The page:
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I was thinking of messing around with my own file system code, as a learning exercise. To start with this could be a RAM drive, or just mounted within a file on another drive. Questions:

  1. What windows APIs would I need to program to implement my own drive letter (eg an M: with my system)
  2. Where is the documentation for these APIs?
  3. Can you implement them using C#?


  • I know there are other Ram drive implementations out there - I don't need a list of them.
  • I've tried googling, but found it very hard to find the right search terms.
  • I'm not fussy for now about which version of windows, any version is fine as I'm developing using Windows 7, but I hope that version for earlier Windows will still work
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You could always use the good ol' subst command :) –  leppie Jan 17 '11 at 8:28
DefineDosDevice(). You have to have to device first, that's where the C# buck stops. Read Walter Oney's books. –  Hans Passant Jan 17 '11 at 9:20

4 Answers 4

up vote 0 down vote accepted

From this answer to a similar question: how to map a software as a Drive?

Have a look at Dokan. It looks like a nice scriptable wrapper to low-level filesystem drivers. Like FUSE on Linux.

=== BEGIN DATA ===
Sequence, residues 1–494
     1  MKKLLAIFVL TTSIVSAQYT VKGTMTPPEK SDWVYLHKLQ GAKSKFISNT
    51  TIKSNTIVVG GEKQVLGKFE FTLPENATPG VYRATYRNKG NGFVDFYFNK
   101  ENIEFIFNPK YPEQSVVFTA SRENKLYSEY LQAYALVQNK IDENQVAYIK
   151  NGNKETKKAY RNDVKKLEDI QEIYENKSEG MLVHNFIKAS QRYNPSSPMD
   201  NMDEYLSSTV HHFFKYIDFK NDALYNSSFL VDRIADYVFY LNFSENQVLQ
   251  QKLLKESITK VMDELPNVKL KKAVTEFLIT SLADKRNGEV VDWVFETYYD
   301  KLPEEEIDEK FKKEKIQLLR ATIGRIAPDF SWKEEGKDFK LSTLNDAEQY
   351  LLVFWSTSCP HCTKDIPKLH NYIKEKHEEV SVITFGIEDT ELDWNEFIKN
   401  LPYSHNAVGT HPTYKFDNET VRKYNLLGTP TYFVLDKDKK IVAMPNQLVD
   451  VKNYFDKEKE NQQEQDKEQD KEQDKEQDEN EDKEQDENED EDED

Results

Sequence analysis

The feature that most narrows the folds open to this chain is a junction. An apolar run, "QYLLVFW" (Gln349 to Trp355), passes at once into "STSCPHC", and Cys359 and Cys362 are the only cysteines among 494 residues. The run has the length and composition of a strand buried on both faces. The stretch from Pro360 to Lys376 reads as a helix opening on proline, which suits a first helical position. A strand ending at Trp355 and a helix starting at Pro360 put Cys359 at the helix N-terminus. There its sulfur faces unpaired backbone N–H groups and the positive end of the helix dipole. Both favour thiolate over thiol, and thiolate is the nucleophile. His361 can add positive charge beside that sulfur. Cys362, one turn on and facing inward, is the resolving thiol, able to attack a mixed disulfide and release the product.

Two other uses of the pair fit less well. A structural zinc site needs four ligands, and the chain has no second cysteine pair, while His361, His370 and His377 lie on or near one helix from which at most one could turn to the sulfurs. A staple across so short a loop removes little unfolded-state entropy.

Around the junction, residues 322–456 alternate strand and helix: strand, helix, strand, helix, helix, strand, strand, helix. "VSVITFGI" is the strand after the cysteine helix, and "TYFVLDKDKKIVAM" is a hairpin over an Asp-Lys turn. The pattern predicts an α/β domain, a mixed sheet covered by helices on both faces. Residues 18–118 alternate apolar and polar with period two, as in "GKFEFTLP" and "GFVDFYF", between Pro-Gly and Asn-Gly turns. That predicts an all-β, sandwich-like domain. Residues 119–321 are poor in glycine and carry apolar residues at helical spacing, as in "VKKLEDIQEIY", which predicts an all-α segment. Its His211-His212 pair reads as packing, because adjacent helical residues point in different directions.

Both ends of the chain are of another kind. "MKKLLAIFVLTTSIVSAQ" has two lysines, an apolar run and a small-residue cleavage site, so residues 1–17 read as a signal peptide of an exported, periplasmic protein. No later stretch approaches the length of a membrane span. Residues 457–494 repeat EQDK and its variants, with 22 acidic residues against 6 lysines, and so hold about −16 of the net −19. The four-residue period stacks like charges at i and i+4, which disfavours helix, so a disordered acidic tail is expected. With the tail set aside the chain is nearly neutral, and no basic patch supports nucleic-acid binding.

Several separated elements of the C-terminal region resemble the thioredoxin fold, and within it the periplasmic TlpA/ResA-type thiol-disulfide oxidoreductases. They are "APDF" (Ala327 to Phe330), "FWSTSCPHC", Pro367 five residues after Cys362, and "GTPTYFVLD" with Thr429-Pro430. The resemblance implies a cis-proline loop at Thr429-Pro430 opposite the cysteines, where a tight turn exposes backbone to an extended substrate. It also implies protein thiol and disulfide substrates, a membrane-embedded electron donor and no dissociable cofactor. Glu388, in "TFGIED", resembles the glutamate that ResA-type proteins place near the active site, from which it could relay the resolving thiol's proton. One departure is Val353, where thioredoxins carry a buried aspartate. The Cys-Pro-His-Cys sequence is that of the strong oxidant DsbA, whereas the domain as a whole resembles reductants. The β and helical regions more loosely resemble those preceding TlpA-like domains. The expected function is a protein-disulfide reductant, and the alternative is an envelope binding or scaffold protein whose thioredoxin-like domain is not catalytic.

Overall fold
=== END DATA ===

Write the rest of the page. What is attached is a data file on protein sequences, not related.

The docs page mention that you can use it to write filesystem code in C#, VB, C++ and even Ruby! Since it exposes itself as a .Net library I'm guessing you can do it in any language running on the CLR as well such as IronPython or F#.

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Take a look at the IFS (Installable Filesystem) Kit.

You're talking about writing a filesystem driver. The basic model is that your code gets loaded into the NT kernel and processes IRPs.

No, you can't do it in C#.

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You need to look at the Windows DDK - now called "WDK" apparently. The WDK includes the Installable File Systems (IFS) kit. See here: Installable File Systems (IFS) kit

Device drivers on Windows are written in C/C++. As far as I know there is no way to implement a file system driver in .NET. There is no CLR in kernel space.

EDIT: asveikau beat me to it...

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Depending on what you need (implement a file system or just a virtual disk with existing file system) you can use one of our virtual storage products: Callback File System and CallbackDisk respectively.

The difference is that CallbackDisk emulates a disk device (so you can mount, for example, ISO image there), and Callback File System lets you build your own file system (eg. distributed, or just remotely stored)

.NET APIs are available in both products.

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